The Occupational Health and Safety Administration (OSHA) issued a new rule requiring certain employers to electronically submit injury and illness data. This information was previously required to be recorded on their onsite OSHA Injury and Illness forms. OSHA will be able to use analysis of the data to aid its enforcement and assistance resources more efficiently. Some of this data will be made public by posting it on the OSHA website. They believe that public disclosure will motivate employers to towards the improvement of workplace safety while providing valuable information to workers, job seekers, customers, researchers, as well as the general public.
“Our new rule will ‘nudge’ employers to prevent work injuries to show investors, job seekers, customers and the public they operate safe and well-managed facilities,” said Dr. David Michaels, Assistant Secretary of Labor for Occupational Safety and Health. “Access to injury data will also help OSHA better target compliance assistance and enforcement resources, and enable ‘big data’ researchers to apply their skills to making workplaces safer.”
Protection Against Retaliation
Under a section of the rule, employers are prohibited from discouraging workers from reporting an injury or illness. Employers are also required to inform employees of their right to report work-related injuries or illnesses without worrying about retaliation. The rule also clarifies the implicit requirement that an employer’s procedure for reporting injuries and illness must be clear and not discouraging to employees reporting an illness or injury and also incorporates the existing statutory prohibition on retaliating against employees for reporting work-related injuries and illnesses. These provisions were scheduled to take effect on August 10th 2016 but were delayed by OSHA until November 1, in order to obtain community outreach.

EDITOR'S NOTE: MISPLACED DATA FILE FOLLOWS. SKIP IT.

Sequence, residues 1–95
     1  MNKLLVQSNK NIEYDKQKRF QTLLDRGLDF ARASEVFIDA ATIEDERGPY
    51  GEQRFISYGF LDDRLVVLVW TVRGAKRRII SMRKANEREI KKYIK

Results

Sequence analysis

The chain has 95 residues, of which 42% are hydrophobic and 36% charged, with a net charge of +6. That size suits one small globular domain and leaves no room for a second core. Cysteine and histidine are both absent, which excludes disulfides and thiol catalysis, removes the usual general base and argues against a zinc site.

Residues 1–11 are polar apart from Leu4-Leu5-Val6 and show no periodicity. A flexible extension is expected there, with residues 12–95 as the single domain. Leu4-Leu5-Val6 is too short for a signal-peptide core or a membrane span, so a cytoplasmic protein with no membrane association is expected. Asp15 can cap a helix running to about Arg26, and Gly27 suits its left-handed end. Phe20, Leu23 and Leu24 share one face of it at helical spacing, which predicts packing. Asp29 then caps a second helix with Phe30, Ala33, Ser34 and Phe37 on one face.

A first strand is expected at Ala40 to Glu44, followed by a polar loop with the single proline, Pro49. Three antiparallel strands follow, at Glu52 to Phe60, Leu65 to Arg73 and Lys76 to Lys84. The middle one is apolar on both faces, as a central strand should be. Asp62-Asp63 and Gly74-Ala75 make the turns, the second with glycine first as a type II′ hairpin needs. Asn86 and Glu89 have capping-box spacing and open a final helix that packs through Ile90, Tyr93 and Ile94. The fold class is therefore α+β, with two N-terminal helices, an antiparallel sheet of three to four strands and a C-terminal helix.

What Employers Are Affected and When?
The requirements for reporting will be phased in over a two-year period:
“Establishments with 250 or more employees in industries covered by the recordkeeping regulation must submit information from their 2016 Form 300A by July 1 2017. These same employers will be required to submit information from all 2017 forms (300A, 300, and 301) by July 1, 2018. Beginning in 2019 and every year thereafter, the information must be submitted by March 2.
Establishments with 20-249 employees in certain must submit information from their 2016 Form 330A by July 1, 2017, and their Form 300A BY July 1, 2018. Beginning in 2019 and every year thereafter, the information must be submitted by March 2.
OSHA State Plan states must adopt requirements that are substantially identical to the requirements in this final rule within 6 months after publication of this final rule.”
The Effects of the Rule on Workers Compensation and Workplace Injury Cases
One of the key pieces of information required in settling a worker’s compensation case or successfully litigating a workplace injury case against a third party is establishing a definite time and place where the accident happened and what type of injury occurred as a result. Insurance companies will frequently claim that the injury did not occur at the time and place stated or the injury was not a result of that particular incident but occurred later. Corroborating witnesses may no longer be available. With electronic reporting required, the information will be available and remain available to support the claim. Employees will not feel intimidated when filing a report. This will make establishing many claims easier for the attorney representing the injured claimant.
Dolman Law Group is a personal injury law firm with worker’s compensation as a special area of practice. If you were injured or became ill due to negligence at the workplace, call 727-451-6900 to schedule a free consultation with a workplace injury attorney. There is no out of pocket cost to you and everything will remain confidential.